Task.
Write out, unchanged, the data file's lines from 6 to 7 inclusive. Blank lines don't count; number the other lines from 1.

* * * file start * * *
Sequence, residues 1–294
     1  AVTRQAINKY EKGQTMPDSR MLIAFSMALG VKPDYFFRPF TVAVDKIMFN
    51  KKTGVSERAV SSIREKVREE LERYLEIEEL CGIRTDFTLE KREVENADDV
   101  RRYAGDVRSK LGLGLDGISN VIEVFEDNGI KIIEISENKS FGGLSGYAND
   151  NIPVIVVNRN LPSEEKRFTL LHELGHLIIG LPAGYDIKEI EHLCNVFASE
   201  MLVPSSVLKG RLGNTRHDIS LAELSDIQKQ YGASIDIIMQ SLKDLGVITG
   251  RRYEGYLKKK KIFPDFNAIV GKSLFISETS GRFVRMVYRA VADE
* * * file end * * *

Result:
   201  MLVPSSVLKG RLGNTRHDIS LAELSDIQKQ YGASIDIIMQ SLKDLGVITG
   251  RRYEGYLKKK KIFPDFNAIV GKSLFISETS GRFVRMVYRA VADE